About the Author(s)
Jeremy M. Wolfe, Harvard University, Keith R. Kluender, Purdue University, Dennis M. Levi, University of California, Berkeley, Linda M. Bartoshuk, University of Florida, Rachel S. Herz, Brown University and Boston College, Roberta L. Klatzky, Carnegie Mellon University, and Daniel M. Merfeld, Ohio State University College of Medicine and Naval Medical Research Unit, Dayton
Jeremy M. Wolfe is Professor of Ophthalmology & Radiology at Harvard Medical School. Dr. Wolfe was trained as a
vision researcher/experimental psychologist and remains one today. His early work includes papers on binocular vision, adaptation, and accommodation. The bulk of his recent work has dealt with visual search and visual attention in the lab and in real world settings such as airport security and cancer screening. He taught Introductory Psychology for over twenty-five years at the Massachusetts Institute of Technology, where he won the Baker Memorial Prize for undergraduate teaching in 1989. He directs the Visual Attention Lab and the Center for Advanced Medical Imaging of Brigham & Women's Hospital.
Keith R. Kluender is Professor and Head of Speech, Language, and Hearing
Sciences and Professor of Psychological Sciences at Purdue University. His research encompasses: how people hear complex sounds such as speech; how experience shapes the way we hear; how what we hear guides our actions and communication; clinical problems of hearing impairment or language delay; and practical concerns about computer speech recognition and hearing aid design. Dr. Kluender is deeply committed to teaching, and has taught a wide array of courses—philosophical, psychological, and physiological.
Dennis M. Levi has taught at the University of California, Berkeley since 2001. He is Professor in the School of Optometry and Professor at the Helen Wills Neuroscience
Institute. In the lab, Dr. Levi and colleagues use psychophysics, computational modeling, and brain imaging (fMRI) to study the neural mechanisms of normal pattern vision in humans, and to learn how they are degraded by abnormal visual experience (amblyopia).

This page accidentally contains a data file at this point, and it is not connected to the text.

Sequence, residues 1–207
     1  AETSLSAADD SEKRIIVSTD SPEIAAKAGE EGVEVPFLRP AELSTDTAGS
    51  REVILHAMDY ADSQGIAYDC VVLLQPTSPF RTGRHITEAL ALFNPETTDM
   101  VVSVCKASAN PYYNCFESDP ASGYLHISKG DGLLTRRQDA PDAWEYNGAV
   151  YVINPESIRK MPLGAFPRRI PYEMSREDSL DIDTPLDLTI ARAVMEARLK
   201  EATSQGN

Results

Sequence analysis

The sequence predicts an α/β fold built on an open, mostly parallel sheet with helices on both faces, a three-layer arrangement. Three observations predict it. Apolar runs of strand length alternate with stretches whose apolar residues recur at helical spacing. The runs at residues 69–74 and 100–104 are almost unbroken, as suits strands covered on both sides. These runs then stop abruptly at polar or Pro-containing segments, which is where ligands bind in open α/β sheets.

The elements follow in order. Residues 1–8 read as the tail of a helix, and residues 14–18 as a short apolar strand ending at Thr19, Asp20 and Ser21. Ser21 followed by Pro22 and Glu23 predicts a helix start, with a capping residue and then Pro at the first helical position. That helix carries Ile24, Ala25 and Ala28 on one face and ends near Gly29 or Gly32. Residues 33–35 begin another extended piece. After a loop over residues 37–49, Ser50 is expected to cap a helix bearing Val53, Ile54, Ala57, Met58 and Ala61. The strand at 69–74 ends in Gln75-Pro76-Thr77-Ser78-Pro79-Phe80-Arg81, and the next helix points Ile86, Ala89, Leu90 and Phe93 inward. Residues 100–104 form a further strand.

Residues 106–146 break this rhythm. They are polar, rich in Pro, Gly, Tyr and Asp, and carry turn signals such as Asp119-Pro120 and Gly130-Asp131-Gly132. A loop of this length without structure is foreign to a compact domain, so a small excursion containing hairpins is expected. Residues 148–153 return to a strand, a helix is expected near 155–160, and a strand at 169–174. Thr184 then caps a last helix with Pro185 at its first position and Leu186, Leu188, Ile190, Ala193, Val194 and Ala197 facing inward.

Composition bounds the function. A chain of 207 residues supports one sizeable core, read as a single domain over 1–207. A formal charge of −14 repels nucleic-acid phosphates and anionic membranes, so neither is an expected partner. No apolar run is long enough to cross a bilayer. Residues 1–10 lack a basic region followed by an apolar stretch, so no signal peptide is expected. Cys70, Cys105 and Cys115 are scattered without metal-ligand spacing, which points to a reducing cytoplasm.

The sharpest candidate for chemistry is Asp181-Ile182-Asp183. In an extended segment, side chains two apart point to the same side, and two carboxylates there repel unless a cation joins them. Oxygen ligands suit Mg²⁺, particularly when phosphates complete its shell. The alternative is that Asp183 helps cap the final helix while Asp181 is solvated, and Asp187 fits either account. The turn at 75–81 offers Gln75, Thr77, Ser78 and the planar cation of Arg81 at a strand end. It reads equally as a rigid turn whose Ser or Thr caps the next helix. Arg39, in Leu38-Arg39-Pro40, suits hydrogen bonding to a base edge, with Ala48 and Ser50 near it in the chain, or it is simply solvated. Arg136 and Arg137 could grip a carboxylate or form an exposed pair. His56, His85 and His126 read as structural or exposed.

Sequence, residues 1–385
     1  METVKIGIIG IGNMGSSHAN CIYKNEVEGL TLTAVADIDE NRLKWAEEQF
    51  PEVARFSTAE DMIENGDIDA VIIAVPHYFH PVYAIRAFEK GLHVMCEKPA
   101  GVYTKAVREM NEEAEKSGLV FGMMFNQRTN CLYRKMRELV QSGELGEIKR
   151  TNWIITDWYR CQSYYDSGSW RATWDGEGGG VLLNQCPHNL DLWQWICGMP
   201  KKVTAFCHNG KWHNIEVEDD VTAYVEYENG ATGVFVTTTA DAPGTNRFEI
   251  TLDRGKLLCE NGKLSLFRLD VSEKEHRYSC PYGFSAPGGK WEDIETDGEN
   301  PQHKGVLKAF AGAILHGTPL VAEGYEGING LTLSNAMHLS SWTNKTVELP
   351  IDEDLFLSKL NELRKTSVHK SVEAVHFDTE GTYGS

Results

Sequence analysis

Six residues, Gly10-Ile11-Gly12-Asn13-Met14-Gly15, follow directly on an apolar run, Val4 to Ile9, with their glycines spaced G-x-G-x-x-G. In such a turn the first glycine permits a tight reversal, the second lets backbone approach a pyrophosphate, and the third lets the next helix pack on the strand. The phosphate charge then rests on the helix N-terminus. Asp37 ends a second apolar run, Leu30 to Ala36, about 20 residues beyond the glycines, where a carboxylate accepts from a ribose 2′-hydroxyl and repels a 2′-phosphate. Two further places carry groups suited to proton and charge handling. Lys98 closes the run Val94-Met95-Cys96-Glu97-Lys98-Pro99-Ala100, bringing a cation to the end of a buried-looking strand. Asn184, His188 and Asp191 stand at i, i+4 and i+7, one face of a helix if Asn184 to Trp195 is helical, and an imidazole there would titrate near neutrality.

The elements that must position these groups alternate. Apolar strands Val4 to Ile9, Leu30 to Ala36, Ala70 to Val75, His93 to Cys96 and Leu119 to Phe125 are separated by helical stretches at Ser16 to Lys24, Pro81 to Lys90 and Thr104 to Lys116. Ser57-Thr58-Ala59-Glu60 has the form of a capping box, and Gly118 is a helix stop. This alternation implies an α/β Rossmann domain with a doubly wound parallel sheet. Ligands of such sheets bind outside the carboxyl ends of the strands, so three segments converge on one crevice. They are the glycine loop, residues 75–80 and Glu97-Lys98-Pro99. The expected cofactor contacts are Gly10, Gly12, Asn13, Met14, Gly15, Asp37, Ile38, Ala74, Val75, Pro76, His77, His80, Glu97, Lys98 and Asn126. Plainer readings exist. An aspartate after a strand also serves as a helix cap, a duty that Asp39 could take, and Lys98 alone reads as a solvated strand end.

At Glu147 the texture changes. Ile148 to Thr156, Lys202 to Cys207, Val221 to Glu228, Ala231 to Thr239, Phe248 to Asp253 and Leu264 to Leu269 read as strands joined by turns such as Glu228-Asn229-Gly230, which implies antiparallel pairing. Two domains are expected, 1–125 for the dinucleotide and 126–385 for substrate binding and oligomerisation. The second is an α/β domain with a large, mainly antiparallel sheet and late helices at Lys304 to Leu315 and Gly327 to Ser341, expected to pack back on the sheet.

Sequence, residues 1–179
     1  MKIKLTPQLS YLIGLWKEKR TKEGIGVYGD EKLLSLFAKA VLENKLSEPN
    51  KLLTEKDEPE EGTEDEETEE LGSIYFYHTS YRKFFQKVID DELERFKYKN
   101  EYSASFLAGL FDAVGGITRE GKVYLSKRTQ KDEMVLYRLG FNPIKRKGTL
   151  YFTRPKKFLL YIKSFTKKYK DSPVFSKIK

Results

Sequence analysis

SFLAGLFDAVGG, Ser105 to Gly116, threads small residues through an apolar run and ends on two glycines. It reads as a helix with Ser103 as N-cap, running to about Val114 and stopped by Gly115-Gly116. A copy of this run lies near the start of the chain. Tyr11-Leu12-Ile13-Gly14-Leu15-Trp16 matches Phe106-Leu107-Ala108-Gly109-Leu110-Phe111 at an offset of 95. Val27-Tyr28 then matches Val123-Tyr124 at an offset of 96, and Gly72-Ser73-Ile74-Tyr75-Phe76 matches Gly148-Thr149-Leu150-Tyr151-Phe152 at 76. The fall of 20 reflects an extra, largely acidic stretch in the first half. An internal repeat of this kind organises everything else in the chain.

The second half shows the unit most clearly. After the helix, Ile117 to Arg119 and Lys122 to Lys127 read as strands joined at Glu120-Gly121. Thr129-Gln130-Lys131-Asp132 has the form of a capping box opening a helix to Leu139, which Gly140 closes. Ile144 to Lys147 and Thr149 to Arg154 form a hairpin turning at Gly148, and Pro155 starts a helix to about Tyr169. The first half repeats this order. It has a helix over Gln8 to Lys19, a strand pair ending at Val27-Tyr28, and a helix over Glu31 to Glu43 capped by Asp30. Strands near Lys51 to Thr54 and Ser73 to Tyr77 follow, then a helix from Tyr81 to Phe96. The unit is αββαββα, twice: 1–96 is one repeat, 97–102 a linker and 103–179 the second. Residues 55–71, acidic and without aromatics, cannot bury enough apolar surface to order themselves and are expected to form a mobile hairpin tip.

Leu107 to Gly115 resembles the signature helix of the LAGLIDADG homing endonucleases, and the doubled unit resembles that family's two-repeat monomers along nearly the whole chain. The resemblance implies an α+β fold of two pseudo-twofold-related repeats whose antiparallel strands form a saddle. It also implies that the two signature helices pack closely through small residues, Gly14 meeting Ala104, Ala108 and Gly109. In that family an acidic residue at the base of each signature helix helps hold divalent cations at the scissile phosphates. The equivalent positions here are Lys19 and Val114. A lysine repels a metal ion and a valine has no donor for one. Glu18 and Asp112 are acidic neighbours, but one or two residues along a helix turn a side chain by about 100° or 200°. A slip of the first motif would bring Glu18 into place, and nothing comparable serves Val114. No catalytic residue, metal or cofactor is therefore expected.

Linda M. Bartoshuk is Bushnell Professor, Department of Food Science and Human Nutrition at the University of Florida. Her research on taste has opened up broad new avenues for further study, establishing the impact of both genetic and pathological variation in taste on food preferences, diet, and health. She discovered that taste normally inhibits other oral sensations such that damage to taste leads to unexpected
consequences like weight gain and intensified oral pain. Most recently, working with colleagues in Horticulture, her group found that a considerable amount of the sweetness in fruit is actually produced by interactions between taste and olfaction in the brain. This may lead to a new way to reduce sugar in foods and beverages.
Rachel S. Herz is an Adjunct Assistant Professor in the Department of Psychiatry and Human Behavior at Brown University and Part-time Faculty in the Psychology Department at Boston College. Her research focuses on a number of facets of olfactory cognition and perception and on emotion, memory, and motivated behavior. Her current research also focuses
on the sensory and psychological mechanisms underlying food perception and eating behavior. Using an experimental approach grounded in evolutionary theory and incorporating both cognitive behavioral and neuropsychological techniques, Dr. Herz's overarching aim is to understand how biological mechanisms and cognitive processes interact to influence human perception and behavior.
Roberta L. Klatzky is the Charles J. Queenan Jr. Professor of Psychology at Carnegie Mellon University, where she also holds faculty appointments in the Center for the Neural Basis of Cognition and the Human-Computer Interaction Institute. She has done extensive research on haptic and visual object
recognition, space perception and spatial thinking, and motor performance. Her work has application to haptic interfaces, navigation aids for the blind, image-guided surgery, teleoperation, and virtual environments.
Daniel M. Merfeld is Professor of Otolaryngology at the Ohio State University College of Medicine and the Senior Vestibular Scientist at the Naval Medical Research Unit in Dayton. Much of his research career has been spent studying how the brain combines information from multiple sources, with a specific focus on how the brain processes ambiguous sensory information from the vestibular system in the presence of noise. Translational work includes research
developing new methods to help diagnose patients experiencing vestibular symptoms and research developing vestibular implants for patients who have severe problems with their vestibular labyrinth.